“I realized a key missing piece was the healthcare system,” she said. Basil’s Harvest’s first initiative was Regional Agriculture in the Heartland—a Farm-to-Hospital Model in the Upper Midwest. The goal: to build a regional supply chain and economy for regenerative foods for procurement by institutions—by partnering with OSF HealthCare Saint Francis Medical Center in Peoria, Illinois. OSF committed to buying 4,000 lbs. of regenerative organic oats annually grown at Doubting Thomas Farms in Moorhead, Minnesota, processed by Janie’s Mill in Ashkum, Illinois.
“[The medical center] is a primary employer, serving three meals a day, seven days a week,” Erin said. “This model for values-based procurement strengthens local economies, environmental sustainability, valued workforce, animal welfare, community health and nutrition.”
The oats served to hospital patients have 32% total antioxidant level, twice as high as oats tested from a national brand. OSF Healthcare is a 15-hospital system. In November, a second OSF hospital began sourcing regional oats from Janie’s Mill. Erin teaches some of the courses in culinary medicine at UICOM, Peoria, IL.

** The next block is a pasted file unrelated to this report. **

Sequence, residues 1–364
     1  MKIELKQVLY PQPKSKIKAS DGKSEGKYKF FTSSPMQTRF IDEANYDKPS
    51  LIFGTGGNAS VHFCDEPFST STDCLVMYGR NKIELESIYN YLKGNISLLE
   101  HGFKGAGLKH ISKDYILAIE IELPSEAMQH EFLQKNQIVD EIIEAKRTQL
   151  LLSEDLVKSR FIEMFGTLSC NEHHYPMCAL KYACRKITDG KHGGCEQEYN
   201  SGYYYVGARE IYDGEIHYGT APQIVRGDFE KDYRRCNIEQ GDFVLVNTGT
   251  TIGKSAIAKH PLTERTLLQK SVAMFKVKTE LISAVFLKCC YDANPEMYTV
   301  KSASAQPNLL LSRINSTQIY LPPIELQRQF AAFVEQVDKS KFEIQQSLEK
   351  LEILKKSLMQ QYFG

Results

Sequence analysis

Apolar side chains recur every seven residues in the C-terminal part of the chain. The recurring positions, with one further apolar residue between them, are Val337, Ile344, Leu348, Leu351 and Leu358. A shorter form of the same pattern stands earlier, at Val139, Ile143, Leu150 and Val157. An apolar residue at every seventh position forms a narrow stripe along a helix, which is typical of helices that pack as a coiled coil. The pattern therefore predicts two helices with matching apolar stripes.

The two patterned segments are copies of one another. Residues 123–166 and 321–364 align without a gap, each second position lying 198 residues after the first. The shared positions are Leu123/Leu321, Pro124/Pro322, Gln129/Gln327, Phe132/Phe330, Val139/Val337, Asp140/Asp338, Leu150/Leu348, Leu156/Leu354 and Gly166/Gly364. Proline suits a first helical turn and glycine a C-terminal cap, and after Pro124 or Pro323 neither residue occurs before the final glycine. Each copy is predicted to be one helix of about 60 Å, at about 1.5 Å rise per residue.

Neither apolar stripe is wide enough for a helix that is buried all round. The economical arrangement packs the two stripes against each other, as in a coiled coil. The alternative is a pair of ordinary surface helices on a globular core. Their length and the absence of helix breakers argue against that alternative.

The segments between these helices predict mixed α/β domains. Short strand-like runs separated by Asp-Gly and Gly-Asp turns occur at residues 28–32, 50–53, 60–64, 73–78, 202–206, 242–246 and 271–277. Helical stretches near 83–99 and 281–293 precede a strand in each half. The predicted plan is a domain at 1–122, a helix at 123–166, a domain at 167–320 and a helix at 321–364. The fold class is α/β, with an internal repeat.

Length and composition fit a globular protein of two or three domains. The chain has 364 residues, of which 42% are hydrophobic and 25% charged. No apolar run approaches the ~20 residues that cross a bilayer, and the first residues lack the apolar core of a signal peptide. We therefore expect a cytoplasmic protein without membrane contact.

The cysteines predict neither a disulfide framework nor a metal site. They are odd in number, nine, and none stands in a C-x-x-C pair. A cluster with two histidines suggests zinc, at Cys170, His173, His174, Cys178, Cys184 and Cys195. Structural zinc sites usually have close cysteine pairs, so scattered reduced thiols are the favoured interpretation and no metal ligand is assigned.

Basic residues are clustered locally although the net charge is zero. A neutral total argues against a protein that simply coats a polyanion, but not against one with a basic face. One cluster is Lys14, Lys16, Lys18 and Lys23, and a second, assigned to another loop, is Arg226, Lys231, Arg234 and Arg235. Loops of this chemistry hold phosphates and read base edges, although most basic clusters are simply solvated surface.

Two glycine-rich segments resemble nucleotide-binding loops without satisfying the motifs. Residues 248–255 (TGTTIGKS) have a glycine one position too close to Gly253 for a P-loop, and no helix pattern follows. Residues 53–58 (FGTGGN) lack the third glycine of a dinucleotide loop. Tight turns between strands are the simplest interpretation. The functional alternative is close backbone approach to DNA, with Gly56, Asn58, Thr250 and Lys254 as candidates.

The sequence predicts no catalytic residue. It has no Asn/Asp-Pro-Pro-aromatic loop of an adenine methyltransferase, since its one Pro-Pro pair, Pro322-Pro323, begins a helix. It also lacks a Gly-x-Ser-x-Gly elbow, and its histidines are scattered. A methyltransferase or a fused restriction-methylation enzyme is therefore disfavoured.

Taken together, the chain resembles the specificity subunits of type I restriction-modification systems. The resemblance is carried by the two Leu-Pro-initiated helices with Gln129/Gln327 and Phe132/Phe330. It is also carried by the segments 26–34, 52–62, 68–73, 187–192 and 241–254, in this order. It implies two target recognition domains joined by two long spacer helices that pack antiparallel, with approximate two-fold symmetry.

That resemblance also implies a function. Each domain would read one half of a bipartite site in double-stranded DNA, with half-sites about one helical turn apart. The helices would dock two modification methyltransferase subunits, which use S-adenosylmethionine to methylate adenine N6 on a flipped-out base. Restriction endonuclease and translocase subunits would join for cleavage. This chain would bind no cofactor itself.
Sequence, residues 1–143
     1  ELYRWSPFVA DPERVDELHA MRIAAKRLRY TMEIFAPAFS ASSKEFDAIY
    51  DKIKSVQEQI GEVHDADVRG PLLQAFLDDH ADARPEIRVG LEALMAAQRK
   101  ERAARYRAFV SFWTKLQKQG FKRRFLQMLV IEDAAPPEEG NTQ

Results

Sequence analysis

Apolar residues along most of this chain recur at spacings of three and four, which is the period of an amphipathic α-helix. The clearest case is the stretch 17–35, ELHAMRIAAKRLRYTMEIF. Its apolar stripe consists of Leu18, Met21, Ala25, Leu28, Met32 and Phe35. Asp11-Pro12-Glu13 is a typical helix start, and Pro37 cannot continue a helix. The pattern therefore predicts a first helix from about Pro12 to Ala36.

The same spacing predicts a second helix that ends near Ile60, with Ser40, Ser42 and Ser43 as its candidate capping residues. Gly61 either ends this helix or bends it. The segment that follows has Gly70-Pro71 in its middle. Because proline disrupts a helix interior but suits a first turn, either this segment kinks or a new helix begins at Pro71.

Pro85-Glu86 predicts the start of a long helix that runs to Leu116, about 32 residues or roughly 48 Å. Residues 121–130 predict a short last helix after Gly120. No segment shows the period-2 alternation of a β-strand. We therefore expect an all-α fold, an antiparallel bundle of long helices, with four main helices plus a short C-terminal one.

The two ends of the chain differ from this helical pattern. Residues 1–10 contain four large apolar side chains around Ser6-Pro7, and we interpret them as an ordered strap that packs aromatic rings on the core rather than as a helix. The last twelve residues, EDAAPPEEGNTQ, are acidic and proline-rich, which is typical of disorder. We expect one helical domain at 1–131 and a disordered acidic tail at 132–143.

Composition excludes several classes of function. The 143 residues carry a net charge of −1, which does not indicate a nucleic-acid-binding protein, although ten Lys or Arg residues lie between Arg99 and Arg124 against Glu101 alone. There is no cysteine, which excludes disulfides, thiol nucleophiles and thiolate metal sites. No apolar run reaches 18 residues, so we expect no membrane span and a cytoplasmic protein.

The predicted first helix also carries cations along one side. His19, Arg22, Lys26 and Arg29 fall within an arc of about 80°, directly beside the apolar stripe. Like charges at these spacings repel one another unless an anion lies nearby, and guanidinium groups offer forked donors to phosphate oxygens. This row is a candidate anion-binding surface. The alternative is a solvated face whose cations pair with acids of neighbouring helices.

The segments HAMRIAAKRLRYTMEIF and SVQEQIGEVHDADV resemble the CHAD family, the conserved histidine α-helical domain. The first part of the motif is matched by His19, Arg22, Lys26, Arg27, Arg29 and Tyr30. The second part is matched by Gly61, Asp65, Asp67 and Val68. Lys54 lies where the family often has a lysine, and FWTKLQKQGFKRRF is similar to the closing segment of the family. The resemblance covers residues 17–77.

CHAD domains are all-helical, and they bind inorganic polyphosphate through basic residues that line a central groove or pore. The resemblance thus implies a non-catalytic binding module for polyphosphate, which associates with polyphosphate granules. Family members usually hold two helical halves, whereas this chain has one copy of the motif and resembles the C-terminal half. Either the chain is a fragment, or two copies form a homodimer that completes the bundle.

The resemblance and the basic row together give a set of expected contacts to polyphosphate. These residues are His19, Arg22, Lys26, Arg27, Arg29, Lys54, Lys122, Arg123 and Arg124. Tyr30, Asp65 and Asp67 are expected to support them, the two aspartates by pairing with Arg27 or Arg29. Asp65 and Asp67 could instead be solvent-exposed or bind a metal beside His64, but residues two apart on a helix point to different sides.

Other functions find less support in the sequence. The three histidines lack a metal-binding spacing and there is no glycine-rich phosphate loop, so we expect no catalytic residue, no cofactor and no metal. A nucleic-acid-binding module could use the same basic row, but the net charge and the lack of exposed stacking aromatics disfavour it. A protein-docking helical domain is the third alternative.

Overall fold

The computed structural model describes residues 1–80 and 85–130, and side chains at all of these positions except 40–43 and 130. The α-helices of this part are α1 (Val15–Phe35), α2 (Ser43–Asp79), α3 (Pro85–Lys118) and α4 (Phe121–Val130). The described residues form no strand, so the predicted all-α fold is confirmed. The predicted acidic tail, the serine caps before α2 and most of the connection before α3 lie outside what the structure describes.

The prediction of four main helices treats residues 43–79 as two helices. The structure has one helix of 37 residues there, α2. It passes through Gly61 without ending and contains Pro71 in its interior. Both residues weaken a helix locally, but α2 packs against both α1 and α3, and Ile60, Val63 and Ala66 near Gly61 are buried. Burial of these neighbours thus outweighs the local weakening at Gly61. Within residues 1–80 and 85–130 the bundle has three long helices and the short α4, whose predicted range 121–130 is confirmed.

“The future of our agricultural system will determine the future of our planet”
The second initiative—The Coalition of Regenerative Agriculture, Food, and Health Professionals (CRAFH)—is a team of farm, food system, and health leadership working to advance the benefits of regenerative agriculture to improve climate change and human health through education, research, and outreach. CRAFH aims to build relationships across siloed systems to increase research capacity in soil and water health, the gut microbiome, and production and consumption of healthy foods. Ultimately this will lead to increased acreage for regenerative agriculture, transformative health professional knowledge and skills, improved human and environmental health, and economic empowerment of stakeholders.
“The future of our food and agricultural system will determine the future of humanity and our planet,” Erin says. “Viable regenerative farming is key in this nexus. Institutions like healthcare and universities have the opportunity to share their voices and purchasing power to grow local and regional economies, while building food and farming systems offering multiple human and environmental benefits.”
Another initiative, Ecosystem Research, led by scientist Dr. Carl Rosier, indicates growing evidence suggesting that a connection exists between soil health and food quality. Additional research is required to further confirm the connection between soil health, regenerative agriculture, and human health.
“This process isn’t linear, and it shouldn’t be,” Erin noted. “We are working in an area that is cutting edge—there is no map. In the age of climate change, we must consider transformative solutions. These are the transformations needed to ensure a sustainable future for our living systems.”